War in IraqThe Reason Foundation has been critical of the cost of the war in Iraq. Reason magazine's May 2008 cover story "Trillion Dollar War"[28] discussed the dubious ways in which the war in Iraq and Afghanistan have been funded by Congress and the Bush administration. The majority of Reason magazine's staffers opposed the war, but a few—notably the Beirut-based contributing editor Michael Young—endorsed it.[29]

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« Reply #3 on: March 14, 2013, 12:25:44 PM »

This is a Doctor Owned Medical Group. Second biggest Medical Group in California

HealthCare Partners Medical Group to Participate as Medicare Pioneer Accountable Care Organization

Robert Klein  310.630.4126
Monday, December 19, 2011


Torrance, CA, December 19, 2011 – HealthCare Partners Medical Group today announced it has been selected to participate in the Pioneer Accountable Care Organization (ACO) Model, a transformative new initiative sponsored by the Centers for Medicare & Medicaid Services (CMS) Innovation Center.

Through the Pioneer ACO Model, HealthCare Partners Medical Group will work with CMS to provide Medicare beneficiaries with higher quality care, while reducing growth in Medicare expenditures through enhanced care coordination.

“We are pleased to be part of such an important initiative,” said Robert Margolis, MD, HealthCare Partners chairman and chief executive officer. “Since HealthCare Partners Medical Group was founded in 1992, we have been focused on supporting our physicians to provide coordinated healthcare for patients in Los Angeles and Orange counties to improve health outcomes while controlling costs. Coordinated care can improve patient health through intensive patient and family education and earlier treatment of chronic conditions to help prevent complications.  We have particularly strong experience in caring for older adults and patients with complex health conditions, and participating in the Pioneer ACO will allow us to partner with other like-minded healthcare organizations to demonstrate how a coordinated care approach allows physicians to help transform the way healthcare is delivered.”

The Pioneer ACO Model is designed to encourage the development of ACOs, which are groups of doctors and other healthcare providers who work together to provide high quality care for their patients. As one in a diverse group of leading-edge health care organizations from around the country, HealthCare Partners Medical Group was chosen specifically by the Innovation Center to test the effectiveness of several models of payment in helping organizations make a rapid transition to higher quality care at a lower cost to Medicare.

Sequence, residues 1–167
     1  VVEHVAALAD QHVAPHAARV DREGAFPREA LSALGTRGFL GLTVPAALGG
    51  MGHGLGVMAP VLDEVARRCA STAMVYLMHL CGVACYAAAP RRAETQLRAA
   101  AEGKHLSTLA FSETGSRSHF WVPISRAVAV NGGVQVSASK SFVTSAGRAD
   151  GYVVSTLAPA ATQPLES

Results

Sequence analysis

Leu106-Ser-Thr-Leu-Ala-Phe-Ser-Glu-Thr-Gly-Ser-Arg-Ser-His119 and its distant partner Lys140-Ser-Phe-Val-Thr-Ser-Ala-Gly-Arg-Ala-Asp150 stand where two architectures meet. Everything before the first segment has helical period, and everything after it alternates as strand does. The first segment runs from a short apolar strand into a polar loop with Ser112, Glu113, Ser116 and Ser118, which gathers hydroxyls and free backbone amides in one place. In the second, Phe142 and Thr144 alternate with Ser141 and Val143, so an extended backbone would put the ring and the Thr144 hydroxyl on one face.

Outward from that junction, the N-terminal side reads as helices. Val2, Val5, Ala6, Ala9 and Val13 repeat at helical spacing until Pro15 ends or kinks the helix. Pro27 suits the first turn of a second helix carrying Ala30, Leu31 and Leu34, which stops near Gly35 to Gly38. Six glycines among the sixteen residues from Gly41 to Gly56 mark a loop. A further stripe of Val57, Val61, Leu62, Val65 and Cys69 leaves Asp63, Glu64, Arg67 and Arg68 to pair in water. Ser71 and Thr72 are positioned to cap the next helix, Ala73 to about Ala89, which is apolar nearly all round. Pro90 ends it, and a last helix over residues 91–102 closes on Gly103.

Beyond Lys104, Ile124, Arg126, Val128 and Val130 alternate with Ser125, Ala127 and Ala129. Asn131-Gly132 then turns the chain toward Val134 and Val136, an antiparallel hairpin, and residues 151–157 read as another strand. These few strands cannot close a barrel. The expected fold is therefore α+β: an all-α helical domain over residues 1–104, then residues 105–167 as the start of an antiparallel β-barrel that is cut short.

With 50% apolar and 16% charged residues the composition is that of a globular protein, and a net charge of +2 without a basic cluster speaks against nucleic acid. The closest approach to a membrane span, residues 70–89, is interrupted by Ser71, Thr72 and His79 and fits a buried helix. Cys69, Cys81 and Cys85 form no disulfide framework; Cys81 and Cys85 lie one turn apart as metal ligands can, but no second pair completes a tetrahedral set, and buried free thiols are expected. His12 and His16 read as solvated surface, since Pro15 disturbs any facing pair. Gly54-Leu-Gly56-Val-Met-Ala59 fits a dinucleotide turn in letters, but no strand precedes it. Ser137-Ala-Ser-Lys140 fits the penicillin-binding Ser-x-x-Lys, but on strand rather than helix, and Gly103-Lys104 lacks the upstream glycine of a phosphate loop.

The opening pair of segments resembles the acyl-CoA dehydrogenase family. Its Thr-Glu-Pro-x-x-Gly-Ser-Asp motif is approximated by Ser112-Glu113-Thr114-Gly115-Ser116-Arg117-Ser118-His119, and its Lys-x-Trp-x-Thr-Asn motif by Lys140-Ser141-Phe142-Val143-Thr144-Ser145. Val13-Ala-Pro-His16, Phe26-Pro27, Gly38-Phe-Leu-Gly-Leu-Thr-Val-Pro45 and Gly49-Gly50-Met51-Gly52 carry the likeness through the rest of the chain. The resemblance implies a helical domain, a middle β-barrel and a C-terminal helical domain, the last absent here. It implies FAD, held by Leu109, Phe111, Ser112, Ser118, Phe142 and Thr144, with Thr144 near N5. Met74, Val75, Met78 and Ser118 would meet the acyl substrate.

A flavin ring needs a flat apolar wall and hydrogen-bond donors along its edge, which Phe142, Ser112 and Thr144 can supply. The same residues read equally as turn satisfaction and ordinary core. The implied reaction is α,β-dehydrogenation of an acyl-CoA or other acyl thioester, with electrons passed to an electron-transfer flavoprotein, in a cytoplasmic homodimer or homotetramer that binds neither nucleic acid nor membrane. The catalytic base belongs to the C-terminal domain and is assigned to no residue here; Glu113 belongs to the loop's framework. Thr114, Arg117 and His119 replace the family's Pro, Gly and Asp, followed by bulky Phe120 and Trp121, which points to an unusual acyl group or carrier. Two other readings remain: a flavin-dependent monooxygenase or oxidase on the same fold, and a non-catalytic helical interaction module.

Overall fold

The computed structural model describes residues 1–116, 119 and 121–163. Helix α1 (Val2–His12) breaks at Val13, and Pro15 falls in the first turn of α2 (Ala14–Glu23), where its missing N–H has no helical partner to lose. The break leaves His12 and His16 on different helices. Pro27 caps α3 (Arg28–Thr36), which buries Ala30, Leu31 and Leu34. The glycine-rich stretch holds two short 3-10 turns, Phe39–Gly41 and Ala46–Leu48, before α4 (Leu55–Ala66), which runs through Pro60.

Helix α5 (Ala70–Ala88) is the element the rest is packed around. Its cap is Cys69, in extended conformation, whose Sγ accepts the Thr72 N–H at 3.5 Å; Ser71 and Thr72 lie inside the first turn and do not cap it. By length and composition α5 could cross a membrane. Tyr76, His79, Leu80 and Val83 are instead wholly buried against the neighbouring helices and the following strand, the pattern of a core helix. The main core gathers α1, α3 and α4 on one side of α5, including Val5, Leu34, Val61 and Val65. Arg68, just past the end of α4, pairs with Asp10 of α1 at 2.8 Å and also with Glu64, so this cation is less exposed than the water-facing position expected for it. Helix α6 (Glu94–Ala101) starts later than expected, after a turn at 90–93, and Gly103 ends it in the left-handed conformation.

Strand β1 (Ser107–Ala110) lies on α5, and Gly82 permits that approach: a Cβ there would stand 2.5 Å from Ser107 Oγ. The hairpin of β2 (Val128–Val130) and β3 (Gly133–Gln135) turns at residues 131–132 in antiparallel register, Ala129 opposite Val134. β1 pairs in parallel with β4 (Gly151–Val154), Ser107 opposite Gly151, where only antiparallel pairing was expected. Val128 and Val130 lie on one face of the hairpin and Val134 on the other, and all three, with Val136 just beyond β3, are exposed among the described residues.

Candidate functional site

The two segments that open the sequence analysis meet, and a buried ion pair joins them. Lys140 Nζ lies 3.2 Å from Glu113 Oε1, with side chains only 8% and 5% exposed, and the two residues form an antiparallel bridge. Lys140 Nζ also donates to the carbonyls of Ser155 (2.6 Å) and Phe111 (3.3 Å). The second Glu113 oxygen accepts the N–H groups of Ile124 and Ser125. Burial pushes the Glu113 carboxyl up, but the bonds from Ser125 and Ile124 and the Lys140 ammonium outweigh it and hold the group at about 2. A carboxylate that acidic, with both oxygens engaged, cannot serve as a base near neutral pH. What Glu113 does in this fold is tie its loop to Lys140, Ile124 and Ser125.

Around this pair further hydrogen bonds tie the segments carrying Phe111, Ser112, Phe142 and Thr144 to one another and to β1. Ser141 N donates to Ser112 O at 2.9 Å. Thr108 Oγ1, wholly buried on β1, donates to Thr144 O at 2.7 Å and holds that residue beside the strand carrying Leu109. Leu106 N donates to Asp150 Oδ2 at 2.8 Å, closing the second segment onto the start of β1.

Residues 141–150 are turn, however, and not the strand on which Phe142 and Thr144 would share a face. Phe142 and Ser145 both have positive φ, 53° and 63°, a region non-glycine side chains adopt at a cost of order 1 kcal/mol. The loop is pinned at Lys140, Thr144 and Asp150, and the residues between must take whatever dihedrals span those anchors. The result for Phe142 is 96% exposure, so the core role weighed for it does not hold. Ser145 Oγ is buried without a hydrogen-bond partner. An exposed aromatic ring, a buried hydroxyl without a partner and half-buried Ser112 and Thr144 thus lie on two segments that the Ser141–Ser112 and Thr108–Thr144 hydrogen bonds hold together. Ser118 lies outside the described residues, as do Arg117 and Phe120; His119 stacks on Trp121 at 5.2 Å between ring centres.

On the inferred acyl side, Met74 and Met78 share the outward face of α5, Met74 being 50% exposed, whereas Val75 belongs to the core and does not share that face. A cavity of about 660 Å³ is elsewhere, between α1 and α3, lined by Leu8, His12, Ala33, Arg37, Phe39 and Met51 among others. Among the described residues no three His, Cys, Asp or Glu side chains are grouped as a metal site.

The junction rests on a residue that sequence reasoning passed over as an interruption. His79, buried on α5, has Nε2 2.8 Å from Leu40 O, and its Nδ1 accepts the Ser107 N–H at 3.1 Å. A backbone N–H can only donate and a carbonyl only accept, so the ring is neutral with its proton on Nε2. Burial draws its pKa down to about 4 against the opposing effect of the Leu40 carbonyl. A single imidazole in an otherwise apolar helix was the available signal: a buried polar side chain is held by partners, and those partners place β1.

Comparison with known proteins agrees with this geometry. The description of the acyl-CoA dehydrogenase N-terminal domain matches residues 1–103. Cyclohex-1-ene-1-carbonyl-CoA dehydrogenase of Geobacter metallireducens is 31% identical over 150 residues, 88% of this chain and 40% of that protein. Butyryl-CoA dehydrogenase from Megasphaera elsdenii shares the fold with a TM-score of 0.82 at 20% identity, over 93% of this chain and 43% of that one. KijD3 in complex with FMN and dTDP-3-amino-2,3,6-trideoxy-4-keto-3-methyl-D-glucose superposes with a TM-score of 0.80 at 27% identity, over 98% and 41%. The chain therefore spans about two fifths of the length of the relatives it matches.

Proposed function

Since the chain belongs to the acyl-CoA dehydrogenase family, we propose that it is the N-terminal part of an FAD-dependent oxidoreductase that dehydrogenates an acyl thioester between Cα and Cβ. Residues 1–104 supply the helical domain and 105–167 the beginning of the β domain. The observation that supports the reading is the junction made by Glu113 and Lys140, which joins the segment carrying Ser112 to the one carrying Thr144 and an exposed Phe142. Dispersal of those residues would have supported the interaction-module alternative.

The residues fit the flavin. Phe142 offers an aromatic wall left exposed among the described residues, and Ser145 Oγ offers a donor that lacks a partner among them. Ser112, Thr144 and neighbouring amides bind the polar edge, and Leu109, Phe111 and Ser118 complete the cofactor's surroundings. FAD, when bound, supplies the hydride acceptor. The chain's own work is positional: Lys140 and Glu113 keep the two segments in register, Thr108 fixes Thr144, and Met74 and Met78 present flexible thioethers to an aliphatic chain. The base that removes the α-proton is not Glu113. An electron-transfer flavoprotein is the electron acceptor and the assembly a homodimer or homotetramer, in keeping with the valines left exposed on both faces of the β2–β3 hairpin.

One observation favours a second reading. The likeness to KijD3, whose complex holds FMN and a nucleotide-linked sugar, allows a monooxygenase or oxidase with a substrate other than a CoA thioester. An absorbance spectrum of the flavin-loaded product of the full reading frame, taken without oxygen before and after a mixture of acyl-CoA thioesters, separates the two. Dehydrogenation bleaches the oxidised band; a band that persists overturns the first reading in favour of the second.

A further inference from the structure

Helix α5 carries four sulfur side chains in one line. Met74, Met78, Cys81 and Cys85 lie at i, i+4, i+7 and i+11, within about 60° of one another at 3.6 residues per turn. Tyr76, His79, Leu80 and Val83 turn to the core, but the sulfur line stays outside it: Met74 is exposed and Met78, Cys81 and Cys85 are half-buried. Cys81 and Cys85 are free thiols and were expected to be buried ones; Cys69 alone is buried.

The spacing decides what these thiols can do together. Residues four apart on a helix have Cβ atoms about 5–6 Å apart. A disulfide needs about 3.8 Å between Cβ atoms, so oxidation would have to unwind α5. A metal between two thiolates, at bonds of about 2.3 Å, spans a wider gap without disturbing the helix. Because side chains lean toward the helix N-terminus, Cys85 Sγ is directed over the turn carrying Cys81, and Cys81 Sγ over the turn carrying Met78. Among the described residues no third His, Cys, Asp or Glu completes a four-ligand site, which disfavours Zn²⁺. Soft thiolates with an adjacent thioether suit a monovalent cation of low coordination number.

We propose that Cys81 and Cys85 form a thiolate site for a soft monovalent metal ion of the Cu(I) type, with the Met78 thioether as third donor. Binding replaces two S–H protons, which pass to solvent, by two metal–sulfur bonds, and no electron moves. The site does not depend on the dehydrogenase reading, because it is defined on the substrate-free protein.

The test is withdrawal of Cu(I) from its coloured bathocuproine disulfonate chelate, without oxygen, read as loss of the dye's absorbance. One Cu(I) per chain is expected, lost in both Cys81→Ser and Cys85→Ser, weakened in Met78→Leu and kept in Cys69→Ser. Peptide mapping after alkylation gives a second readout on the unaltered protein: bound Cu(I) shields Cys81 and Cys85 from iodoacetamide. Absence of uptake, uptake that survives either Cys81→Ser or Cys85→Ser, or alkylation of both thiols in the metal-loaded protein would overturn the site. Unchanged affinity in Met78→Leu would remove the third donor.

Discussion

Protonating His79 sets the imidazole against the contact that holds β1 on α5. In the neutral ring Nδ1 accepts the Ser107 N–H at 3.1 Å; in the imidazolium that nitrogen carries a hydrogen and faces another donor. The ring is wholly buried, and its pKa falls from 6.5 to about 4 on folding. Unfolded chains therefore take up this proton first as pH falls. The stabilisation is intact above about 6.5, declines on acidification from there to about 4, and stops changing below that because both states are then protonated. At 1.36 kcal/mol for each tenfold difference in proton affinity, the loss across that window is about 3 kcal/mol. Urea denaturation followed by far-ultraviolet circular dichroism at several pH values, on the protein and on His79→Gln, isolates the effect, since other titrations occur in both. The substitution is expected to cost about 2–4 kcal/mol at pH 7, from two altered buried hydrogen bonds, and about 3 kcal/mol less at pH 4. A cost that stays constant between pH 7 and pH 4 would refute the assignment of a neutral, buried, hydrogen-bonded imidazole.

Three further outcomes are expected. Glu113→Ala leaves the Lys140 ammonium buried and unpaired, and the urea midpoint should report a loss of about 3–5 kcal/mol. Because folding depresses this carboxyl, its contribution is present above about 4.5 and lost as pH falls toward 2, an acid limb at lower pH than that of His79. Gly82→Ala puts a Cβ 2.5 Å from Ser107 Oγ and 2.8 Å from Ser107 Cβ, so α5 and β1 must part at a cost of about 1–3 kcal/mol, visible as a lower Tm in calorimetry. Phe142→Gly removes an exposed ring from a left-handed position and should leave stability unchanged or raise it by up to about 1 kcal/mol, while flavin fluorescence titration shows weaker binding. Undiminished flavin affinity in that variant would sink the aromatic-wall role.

“These Pioneer ACOs represent our nation’s leaders in health systems innovation, providing highly coordinated care for patients at lower costs,” said Marilyn Tavenner, Acting Administrator of CMS. “HealthCare Partners Medical Group has demonstrated significant experience in providing high quality, coordinated care, and we are excited to partner with them,” Tavenner said.

Under the Pioneer ACO Model, CMS will provide incentives for participating healthcare providers who form an organization to coordinate care for patients. Providers who band together through this model will be required to meet quality standards based upon, among other measures, patient outcomes and care coordination among the provider team.

CMS will use robust quality measures and other criteria to reward ACOs for providing beneficiaries with a positive patient experience and better health outcomes, while also rewarding HealthCare Partners Medical Group for reducing growth in Medicare expenditures for the same patient population.

Unlike a managed care plan, Medicare beneficiaries will not be locked into a restricted panel of providers. The Pioneer ACO Model is not a health plan or managed care plan. Under the Pioneer ACO Model, beneficiaries seeing doctors participating in an ACO will maintain the ability to see any doctor or healthcare provider, as well as the full benefits associated with traditional Medicare.

Today’s announcement was the culmination of a competitive selection process that began in May with the national release of a Request for Applications from CMS. HealthCare Partners Medical Group was selected based on its demonstrated capabilities to offer high quality, coordinated care.